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Weekender 5/7/21

May 7, 2021 Weekender No Comments

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Weekly News Recap

  • Walmart announces that it will acquire telehealth provider MeMD.
  • Cerner begins an external search to replace Chairman and CEO Brent Shafer, who will leave the company.
  • Systems at Scripps Health remain down from a ransomware attack.
  • R1 RCM will acquire VisitPay for $300 million in casb.
  • Connecticut launches a statewide HIE.
  • CareCloud agrees to pay $3.8 million to settle federal charges that it paid kickbacks to customers who recommended its EHR to prospects.
  • Ascension Technologies files paperwork indicating that it will lay off 651 IT employees in the fall as it outsources their jobs.

Best Reader Comments

Re: Epic’s growth in Canada from three hospitals in 2016 to 146. A significant portion of that will be due to the Alberta market. Alberta has Meditech implemented (understand though that the legacy picture is fragmented into an approx. three-way tie). Alberta will never upgrade to Meditech Expanse. Instead, Epic has won the entire province. Wave 3 of a 9 wave Epic implementation project was recently completed. (Brian Too)

So Brent Shafer has accomplished what during his time as CEO? Decimated all the upper level management with his cronies who now need replaced, made all the good worker bees leave by withholding raises and layoffs, lost some huge clients while not making many new sales, underperformed for the shareholders with regards to the stock price, not made any progress on meeting existing promises to clients, not made any progress on new markets. I think Brent’s Cerner legacy is that he made life moderately worse for everyone involved except his pocketbook, but at least he didn’t implode the company. (IANAL)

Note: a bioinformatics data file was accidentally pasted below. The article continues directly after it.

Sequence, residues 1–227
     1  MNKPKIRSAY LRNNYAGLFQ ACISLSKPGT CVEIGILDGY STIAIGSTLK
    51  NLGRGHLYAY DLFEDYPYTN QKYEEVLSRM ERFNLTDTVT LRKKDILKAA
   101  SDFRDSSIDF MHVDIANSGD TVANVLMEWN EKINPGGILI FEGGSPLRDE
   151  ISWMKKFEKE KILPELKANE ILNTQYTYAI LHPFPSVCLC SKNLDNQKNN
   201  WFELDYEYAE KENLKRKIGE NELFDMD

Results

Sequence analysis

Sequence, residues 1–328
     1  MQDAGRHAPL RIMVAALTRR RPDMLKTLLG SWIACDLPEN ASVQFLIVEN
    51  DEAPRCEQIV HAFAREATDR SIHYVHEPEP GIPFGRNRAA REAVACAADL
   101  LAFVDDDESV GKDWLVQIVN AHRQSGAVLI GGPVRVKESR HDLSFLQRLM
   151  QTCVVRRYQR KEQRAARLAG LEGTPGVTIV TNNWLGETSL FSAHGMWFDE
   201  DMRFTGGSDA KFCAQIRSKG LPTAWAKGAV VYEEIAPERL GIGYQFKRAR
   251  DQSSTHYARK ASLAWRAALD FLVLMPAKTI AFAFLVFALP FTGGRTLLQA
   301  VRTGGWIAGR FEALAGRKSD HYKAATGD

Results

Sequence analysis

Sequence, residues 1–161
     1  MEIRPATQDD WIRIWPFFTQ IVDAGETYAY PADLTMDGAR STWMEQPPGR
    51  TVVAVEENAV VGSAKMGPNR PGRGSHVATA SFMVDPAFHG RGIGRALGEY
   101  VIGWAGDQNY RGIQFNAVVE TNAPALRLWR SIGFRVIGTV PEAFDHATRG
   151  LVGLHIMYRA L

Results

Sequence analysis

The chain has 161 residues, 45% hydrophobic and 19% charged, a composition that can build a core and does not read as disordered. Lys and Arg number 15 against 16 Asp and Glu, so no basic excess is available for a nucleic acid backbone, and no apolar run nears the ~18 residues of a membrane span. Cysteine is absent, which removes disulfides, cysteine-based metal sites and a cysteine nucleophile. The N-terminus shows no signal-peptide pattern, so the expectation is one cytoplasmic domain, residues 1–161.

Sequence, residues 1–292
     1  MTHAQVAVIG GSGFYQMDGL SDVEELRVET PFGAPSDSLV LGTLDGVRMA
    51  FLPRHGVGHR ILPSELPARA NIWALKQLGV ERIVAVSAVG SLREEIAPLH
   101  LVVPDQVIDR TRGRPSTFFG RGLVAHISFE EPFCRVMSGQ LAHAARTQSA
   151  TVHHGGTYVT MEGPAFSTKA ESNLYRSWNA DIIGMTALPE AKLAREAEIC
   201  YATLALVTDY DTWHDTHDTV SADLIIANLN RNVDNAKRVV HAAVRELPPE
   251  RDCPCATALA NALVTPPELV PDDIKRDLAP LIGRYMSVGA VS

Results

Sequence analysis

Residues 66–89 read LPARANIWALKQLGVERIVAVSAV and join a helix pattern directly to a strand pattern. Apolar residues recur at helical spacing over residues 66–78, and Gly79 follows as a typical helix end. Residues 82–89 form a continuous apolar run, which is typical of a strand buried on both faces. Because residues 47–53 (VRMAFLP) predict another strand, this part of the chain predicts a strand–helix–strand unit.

Similar finance-driven decisions are made not only for support, but also for the building of software at your vendor. The more mature the product, the more likely that offshoring the build might actually result in cost savings. In the startup world, it never works because the instantaneous iterative nature of early-stage software development can’t survive the communication barriers. (mburke)